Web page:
With more enterprises virtualizing their servers and storage, storage management has become more complex, and storage admins who traditionally only had to worry about physical arrays now face challenges in other aspects of their infrastructure. In many ways, however, the latest virtual server storage developments are making storage management even easier with improved metrics and built-in monitoring tools. In this expert podcast, virtualization expert David Davis talks with Associate Site Editor Sarah Wilson about how the latest virtual server storage trends affect the job of storage administrators, and provides insight on how future developments may continue to change storage management in the future.
Let's start by talking about how virtualization has changed over the past few years. How has that impacted storage management?
David Davis: To me it immediately brings up the idea of the software-defined data center, or SDDC as VMware has coined it and heavily promoted it. With basic virtualization you can have a virtualized disk for each virtual machine, but now VMware and other vendors are really expanding that idea by creating virtual storage appliances, and they could potentially one day replace small NAS [network-attached storage] or SAN arrays, and I have no doubt that vendors like VMware and others will continue to advance those types of software-defined storage solutions in future revisions. And this idea that server virtualization can replace physical servers is now being taken to the next level, and virtualization will soon will be able to replace complete storage systems -- the traditional, hardware-based SAN arrays or NAS arrays in the data center.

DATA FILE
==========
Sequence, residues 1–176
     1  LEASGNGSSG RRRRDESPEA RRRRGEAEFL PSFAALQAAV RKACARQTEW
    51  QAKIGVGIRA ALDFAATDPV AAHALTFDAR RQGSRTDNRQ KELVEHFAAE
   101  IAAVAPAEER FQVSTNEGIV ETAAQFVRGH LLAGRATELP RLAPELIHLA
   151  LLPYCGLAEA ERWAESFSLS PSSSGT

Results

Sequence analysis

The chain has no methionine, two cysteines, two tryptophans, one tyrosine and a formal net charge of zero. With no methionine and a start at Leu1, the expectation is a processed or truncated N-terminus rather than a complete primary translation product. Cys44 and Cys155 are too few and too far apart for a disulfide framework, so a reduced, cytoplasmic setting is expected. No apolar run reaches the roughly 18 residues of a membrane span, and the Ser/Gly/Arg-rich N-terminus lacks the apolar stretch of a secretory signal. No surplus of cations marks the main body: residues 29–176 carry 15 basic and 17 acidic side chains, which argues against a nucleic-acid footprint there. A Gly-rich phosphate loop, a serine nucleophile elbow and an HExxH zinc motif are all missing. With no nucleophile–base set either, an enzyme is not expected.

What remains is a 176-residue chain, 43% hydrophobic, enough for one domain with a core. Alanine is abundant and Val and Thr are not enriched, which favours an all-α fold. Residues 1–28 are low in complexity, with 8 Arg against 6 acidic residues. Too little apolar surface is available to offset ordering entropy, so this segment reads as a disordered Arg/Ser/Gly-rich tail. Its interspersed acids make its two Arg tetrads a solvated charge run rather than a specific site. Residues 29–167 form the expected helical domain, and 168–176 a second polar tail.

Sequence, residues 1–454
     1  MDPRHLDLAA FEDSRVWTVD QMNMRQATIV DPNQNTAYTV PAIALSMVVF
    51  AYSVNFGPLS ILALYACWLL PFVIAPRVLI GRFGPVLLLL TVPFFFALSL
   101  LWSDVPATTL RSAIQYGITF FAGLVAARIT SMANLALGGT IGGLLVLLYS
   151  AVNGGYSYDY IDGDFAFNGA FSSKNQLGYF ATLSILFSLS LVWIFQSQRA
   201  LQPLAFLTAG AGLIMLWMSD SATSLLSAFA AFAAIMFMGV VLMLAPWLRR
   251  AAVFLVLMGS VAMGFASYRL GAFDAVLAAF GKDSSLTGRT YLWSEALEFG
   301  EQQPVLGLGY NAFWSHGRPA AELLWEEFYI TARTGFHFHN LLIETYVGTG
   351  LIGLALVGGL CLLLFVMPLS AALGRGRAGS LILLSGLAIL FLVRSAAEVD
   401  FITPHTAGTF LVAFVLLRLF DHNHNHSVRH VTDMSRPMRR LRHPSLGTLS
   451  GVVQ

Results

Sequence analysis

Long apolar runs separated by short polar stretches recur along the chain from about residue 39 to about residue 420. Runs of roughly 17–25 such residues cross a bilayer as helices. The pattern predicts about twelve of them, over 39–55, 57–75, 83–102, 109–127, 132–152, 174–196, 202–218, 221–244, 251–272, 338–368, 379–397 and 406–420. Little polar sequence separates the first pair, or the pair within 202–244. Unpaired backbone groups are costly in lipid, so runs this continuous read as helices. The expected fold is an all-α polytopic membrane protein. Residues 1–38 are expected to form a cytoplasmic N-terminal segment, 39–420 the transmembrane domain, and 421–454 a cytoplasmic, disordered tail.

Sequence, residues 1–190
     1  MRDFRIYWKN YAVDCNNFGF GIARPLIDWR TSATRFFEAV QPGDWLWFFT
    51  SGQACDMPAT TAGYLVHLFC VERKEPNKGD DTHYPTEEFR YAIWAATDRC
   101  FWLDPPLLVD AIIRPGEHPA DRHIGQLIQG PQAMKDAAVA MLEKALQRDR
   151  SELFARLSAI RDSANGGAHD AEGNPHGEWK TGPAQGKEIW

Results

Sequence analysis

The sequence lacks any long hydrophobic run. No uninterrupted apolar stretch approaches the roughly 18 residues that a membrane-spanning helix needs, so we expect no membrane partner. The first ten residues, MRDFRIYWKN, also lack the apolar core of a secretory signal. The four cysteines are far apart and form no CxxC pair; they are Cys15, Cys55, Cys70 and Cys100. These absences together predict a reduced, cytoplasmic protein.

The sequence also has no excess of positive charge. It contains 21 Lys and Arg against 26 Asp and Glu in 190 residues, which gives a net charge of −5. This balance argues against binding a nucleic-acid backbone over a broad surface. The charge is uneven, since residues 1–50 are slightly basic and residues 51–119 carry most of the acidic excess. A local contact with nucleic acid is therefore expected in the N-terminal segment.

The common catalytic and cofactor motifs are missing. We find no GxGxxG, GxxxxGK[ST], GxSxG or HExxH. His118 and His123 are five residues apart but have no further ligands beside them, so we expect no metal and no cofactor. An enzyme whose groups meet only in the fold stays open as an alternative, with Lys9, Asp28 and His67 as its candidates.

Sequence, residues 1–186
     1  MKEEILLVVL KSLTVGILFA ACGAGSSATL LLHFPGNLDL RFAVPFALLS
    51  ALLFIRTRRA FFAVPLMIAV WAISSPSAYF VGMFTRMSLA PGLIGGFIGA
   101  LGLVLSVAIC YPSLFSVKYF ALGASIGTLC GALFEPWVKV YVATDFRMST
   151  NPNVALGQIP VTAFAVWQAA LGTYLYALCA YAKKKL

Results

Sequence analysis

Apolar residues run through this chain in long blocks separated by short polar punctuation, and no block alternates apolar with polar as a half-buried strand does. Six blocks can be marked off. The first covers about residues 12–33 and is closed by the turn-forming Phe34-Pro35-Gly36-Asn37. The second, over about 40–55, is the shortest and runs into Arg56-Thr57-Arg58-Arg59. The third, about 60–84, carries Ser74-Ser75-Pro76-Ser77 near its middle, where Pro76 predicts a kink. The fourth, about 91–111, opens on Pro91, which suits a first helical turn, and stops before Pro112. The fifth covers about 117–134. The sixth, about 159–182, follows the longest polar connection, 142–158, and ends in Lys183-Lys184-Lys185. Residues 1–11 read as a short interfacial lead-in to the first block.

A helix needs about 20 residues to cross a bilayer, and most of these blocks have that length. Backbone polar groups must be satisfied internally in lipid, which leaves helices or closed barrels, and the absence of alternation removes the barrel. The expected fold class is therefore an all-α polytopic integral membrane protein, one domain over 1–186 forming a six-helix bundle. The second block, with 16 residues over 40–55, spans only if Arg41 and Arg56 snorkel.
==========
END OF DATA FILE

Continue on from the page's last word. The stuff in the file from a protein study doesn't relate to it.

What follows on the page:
So not only is VMware advancing and promoting that idea but there's so many other competing virtualization vendors and numerous third-party vendors that have their own virtualized storage solutions. And what's happening is you have a whole new product category. This new product category is something that storage admins will have to deal with, and not only with their traditional job of configuring the existing SAN and physical storage arrays in the data center, but they'll now have to manage what will become virtualized storage arrays that are running inside the virtualization layer. And this is similar to what happened with traditional physical server admins when virtualization came into the data center. Those physical servers were virtualized, and those physical server admins had to deal with virtualization if it wasn't their idea to introduce it and embrace it. So most storage admins will have to embrace virtualized storage solutions just like the physical server admins had to embrace server virtualization. And it's not going to stop there. Network admins will soon have to embrace virtualization as well, as there are more and more software network solutions on the market.
Would you say there are any other ways that server virtualization is changing the traditional role of storage admins?
Davis: Traditionally the storage admin just cared about the storage arrays; it was their job to manage the storage arrays and then provide storage capacity to the servers and the applications when needed. That storage was usually provided in the form of a SCSI LUN through Fibre Channel or iSCSI arrays. But now with storage and the virtualization layer becoming more intertwined, not only do they have to have a virtual server storage solution in the data center that they're going to have to manage, but the traditional physical storage arrays that they've been managing for some time are becoming more virtualization-aware. And this is a term that's become more popular lately as the storage arrays are starting to offer more and more integration.